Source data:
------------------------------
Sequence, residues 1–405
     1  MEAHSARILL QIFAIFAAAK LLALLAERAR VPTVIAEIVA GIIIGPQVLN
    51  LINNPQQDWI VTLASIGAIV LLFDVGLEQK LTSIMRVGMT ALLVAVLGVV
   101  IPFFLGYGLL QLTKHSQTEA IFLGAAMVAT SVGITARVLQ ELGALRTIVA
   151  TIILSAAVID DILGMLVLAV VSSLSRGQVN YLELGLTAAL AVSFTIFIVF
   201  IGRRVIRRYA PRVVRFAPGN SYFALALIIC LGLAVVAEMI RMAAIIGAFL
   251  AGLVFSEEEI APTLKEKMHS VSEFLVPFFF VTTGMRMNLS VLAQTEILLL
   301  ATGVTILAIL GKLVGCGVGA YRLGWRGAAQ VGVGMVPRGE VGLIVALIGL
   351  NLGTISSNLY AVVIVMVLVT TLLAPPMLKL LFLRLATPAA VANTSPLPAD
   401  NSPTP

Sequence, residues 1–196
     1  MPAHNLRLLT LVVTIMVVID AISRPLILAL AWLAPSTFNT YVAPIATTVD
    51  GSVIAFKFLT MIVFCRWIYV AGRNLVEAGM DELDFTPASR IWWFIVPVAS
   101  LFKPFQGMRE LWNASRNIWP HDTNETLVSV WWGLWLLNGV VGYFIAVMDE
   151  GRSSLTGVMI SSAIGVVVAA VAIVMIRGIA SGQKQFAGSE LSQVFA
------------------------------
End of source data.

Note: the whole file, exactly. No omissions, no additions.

Sequence, residues 1–405
     1  MEAHSARILL QIFAIFAAAK LLALLAERAR VPTVIAEIVA GIIIGPQVLN
    51  LINNPQQDWI VTLASIGAIV LLFDVGLEQK LTSIMRVGMT ALLVAVLGVV
   101  IPFFLGYGLL QLTKHSQTEA IFLGAAMVAT SVGITARVLQ ELGALRTIVA
   151  TIILSAAVID DILGMLVLAV VSSLSRGQVN YLELGLTAAL AVSFTIFIVF
   201  IGRRVIRRYA PRVVRFAPGN SYFALALIIC LGLAVVAEMI RMAAIIGAFL
   251  AGLVFSEEEI APTLKEKMHS VSEFLVPFFF VTTGMRMNLS VLAQTEILLL
   301  ATGVTILAIL GKLVGCGVGA YRLGWRGAAQ VGVGMVPRGE VGLIVALIGL
   351  NLGTISSNLY AVVIVMVLVT TLLAPPMLKL LFLRLATPAA VANTSPLPAD
   401  NSPTP

Sequence, residues 1–196
     1  MPAHNLRLLT LVVTIMVVID AISRPLILAL AWLAPSTFNT YVAPIATTVD
    51  GSVIAFKFLT MIVFCRWIYV AGRNLVEAGM DELDFTPASR IWWFIVPVAS
   101  LFKPFQGMRE LWNASRNIWP HDTNETLVSV WWGLWLLNGV VGYFIAVMDE
   151  GRSSLTGVMI SSAIGVVVAA VAIVMIRGIA SGQKQFAGSE LSQVFA